Erythropoiesis under normal conditions undergoes the following steps: burst- forming unit → colony forming unit → erythroblast → pronormocyte → normocyte → erythrocyte. At the stage of normocyte, the denucleation of cells occurs. The remains in the erythrocyte nucleus are defined as Jolly bodies, Cabot’s ring bodies, azurophil granules. Under physiological conditions, along with the loss of the nucleus hemoglobin accumulates in the cytoplasm of the erythrocyte. The active part of the life cycle of red blood cells takes place within the peripheral blood, where they come from bone marrow at the reticulocytes stage. Reticulocyte is a nuclear-free erythrocyte containing basophilic component that is shown in a grid during staining. Production of reticulocytes in the bone marrow is 3 • 109 cells/kg per day. In the bone marrow, reticulocytes are stored for 36-44 hours, then they go into the blood, and mature there within 24-30 hours. The entire life cycle from erythroblast to reticulocyte is from 3-4 to 5-7 days.
The number of formed red blood cells depends on age. Before the child’s birth, the daily production of red blood cells is 3% of the total mass of circulating red blood cells. By the 5th day of life, the formation of red blood cells is reduced to 0.2% and on
the 10th day − to 0.1%. By 3 months of age, the production is 2% of the total mass of red blood cells and is kept at this level for the whole period of childhood.
Normally, a red blood cell has the shape of a biconcave disc of pink-red color which is lighter in the center. The average diameter of the erythrocyte is 7.2-7.5 µm, thickness − 2-2.5 µm. The discoid shape allows them to have a more extensive surface by 1.7 times than the spherical one, and it has a greater capacity for deformation in the capillaries. Normally, red blood cell can deform and pass through capillaries with lumen of 3 µm. This is due to the interaction between the proteins of membrane (segment 3, glycophorin) and cytoplasm (spectrums, ankyrin). Defects in these proteins cause morphological and functional changes in the erythrocyte.
Mature erythrocyte does not have cytoplasmic organelles and therefore is not able to synthesize proteins and lipids. The main way of energy metabolism in the erythrocyte is glycolysis. Glycolysis energy is used for active transport of cations through the cell membrane to maintain normal ratio between sodium and potassium ions in the red blood cells and plasma and to maintain the form of red blood cells.
The main function of red blood cells is the transport of oxygen from the lungs to the tissues, and carbon dioxide from the tissues to the lungs. This function is performed by hemoglobin (Hb) − a special protein found in red blood cells. Red blood cells play a certain role in hemostasis, they are involved in the formation of the primary hemostatic plug and transport the plasma factors of blood clotting, adsorbed on their surface.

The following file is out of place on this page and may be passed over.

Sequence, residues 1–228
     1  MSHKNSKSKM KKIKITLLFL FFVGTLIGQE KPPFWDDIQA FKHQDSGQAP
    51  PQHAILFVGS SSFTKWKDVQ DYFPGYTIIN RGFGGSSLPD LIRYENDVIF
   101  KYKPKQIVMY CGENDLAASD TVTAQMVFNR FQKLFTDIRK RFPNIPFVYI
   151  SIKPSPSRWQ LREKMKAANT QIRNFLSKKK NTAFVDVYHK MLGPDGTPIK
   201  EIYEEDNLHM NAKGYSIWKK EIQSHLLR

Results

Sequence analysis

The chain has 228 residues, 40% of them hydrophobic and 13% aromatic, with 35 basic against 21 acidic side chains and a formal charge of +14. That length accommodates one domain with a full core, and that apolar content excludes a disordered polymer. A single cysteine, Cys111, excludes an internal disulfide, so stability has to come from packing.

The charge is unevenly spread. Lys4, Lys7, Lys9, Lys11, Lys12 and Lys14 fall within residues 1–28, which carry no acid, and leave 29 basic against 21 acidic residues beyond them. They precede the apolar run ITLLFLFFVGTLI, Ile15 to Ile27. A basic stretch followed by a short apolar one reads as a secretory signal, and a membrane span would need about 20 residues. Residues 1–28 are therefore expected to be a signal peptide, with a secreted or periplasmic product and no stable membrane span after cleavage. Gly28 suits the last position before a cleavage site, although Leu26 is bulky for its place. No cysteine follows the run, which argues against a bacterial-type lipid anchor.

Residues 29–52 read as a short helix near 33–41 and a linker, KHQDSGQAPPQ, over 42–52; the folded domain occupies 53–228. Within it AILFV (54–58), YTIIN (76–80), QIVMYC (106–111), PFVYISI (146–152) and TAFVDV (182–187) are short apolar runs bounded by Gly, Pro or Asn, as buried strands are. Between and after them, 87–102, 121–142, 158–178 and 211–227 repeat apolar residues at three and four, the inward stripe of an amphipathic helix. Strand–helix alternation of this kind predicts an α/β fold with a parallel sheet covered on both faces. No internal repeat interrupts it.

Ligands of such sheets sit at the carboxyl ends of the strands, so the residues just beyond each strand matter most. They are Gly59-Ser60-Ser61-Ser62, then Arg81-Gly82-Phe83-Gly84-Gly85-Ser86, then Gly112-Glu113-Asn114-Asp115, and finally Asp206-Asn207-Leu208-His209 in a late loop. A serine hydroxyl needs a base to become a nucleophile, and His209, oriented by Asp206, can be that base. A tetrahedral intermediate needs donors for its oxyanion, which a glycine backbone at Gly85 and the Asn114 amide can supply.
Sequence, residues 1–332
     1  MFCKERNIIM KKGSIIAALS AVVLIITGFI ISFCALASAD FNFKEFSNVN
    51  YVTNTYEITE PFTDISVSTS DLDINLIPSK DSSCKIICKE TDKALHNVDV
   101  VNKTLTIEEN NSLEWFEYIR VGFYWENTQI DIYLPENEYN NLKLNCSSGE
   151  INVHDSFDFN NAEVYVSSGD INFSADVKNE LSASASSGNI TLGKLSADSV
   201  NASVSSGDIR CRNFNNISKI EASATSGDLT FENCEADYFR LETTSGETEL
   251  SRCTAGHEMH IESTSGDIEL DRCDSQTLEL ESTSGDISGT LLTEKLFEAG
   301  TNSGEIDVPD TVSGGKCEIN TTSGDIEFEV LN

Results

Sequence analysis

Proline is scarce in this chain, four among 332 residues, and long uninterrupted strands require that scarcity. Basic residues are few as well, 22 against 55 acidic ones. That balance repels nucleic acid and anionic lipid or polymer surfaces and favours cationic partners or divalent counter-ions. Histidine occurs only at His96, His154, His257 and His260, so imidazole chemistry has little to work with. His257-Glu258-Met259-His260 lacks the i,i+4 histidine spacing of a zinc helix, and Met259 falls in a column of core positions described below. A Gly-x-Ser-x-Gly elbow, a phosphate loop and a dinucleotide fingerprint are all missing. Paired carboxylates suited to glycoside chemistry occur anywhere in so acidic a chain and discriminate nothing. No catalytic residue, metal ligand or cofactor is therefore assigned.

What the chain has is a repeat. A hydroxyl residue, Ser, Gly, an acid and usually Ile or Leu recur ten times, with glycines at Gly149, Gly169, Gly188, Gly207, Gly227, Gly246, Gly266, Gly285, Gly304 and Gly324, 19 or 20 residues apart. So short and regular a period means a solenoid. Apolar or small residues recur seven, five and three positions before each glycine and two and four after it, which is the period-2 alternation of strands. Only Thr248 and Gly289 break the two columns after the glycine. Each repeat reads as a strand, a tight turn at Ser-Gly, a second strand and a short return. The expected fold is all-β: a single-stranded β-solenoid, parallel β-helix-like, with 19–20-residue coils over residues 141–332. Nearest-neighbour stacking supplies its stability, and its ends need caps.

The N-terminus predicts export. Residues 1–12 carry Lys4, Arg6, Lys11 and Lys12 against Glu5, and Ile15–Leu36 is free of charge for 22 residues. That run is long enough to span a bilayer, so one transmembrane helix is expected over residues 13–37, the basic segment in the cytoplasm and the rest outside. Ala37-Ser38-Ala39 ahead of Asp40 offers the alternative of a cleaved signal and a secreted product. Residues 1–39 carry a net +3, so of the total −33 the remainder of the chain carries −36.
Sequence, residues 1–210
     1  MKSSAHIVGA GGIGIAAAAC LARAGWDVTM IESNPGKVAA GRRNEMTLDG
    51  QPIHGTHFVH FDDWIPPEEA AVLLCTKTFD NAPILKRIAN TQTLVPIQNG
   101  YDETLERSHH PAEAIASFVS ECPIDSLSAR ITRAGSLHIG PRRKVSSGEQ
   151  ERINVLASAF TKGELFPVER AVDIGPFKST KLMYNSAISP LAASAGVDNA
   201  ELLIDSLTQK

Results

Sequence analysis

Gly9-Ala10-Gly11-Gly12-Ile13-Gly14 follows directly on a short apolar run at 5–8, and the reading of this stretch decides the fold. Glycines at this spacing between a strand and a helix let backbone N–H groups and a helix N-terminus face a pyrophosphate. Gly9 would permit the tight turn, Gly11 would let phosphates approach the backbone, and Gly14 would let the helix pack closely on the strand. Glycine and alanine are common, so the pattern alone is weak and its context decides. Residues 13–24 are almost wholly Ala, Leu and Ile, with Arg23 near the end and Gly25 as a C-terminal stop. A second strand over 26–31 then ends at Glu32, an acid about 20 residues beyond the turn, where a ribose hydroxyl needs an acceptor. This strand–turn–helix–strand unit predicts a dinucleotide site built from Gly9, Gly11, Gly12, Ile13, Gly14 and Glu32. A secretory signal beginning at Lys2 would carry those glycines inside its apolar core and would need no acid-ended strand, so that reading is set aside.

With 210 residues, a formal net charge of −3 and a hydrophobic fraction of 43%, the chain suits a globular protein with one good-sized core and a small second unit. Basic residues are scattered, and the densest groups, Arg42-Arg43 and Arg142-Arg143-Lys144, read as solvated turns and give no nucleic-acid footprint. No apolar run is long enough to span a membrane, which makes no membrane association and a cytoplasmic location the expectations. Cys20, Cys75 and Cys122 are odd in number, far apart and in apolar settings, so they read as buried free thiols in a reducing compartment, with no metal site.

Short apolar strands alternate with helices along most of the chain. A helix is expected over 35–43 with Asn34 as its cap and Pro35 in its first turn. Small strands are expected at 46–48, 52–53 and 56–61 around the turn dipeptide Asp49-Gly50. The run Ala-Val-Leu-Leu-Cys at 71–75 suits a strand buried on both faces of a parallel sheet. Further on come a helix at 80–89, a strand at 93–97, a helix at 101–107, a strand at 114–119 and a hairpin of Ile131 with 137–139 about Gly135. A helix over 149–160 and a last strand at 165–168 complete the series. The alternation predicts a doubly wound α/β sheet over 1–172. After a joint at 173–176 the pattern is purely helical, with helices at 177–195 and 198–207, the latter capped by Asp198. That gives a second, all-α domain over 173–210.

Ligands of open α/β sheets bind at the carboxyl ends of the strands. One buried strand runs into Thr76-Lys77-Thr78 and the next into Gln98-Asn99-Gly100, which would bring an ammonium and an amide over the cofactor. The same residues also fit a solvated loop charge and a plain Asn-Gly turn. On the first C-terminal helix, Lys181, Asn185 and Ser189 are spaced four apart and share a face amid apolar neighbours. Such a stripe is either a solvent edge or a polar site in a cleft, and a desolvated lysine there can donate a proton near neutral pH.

Normally, the life span of red blood cells in adults is 110-120 days, the time of circulation in the bloodstream in term infants is 60-70 days, and in premature infants − 35-50 days. Under physiological conditions, the number of destroyed red blood cells is equal to the number of newly formed ones, therefore, their number remains constant. In
physiological conditions, the ageing RBCs are removed from circulation and are destroyed mainly in the spleen, liver and to a lesser extent − in the bone marrow. It is known that fraction of IgG serum contains antibodies against the old red blood cells.
Their attachment to the erythrocyte leads to the phagocytosis of the latter. Products released in the intracellular destruction of hemoglobin are amino acids (from globin), iron (from heme) which are used in the body to build hemoglobin. Heme after detachment from iron in microtomes is converted using hemoxygenase at first into biliverdin and then into bilirubin. Bilirubin is released into the blood, where it binds to albumin and is transported to the liver. In hepatocytes, it is conjugated with glucuronic acid by means of enzyme glucuronosyl transferase, thus transforming into direct bilirubin, which then enters the intestine with bile.
Normally, a part of red blood cells is destroyed in the bloodstream, Hb is connected to the haptoglobin in the irreversible complex, which due to its size does not penetrate the liver filter, and is enzymatically broken down in the liver. If intravascular hemolysis is significant and haptoglobin cannot bind all released Hb, its surplus goes to the kidneys, and the portion is excreted in the urine (hemoglobinuria), a part is reabsorbed in the proximal section of tubule, and a part of hemoglobin iron is deposited in the tubular epithelium in the form of ferritin and hemosiderin, and is slowly excreted with urine.
The structure, functions, biosynthesis features and types of hemoglobin
Hemoglobin is the main component of red blood cells (about 98% of red cell mass). By its chemical nature, Hb belongs to chromoproteins, and incorporates protein (globin) and iron-group (heme). Heme is a complex compound of iron and protoporphyrin IX. Heme structure is the same for all types of hemoglobin. Only the protein part − globin − is different. The main component of human hemoglobin − HbA (95-98% of blood hemoglobin) consists of two α-and two β-chains. Other normal types of human hemoglobin are НbА2 (2-2.5%) and HbF (0.1-2%).
In red blood cells of embryo, fetus, child and adult, one can define 6 types of hemoglobin: embryonic (Gower-1, Gower-2 and Portland); fetal hemoglobin (HbF) and adult types HbA1 and HbA2. From the 8th week of gestational age, hemoglobin HbF is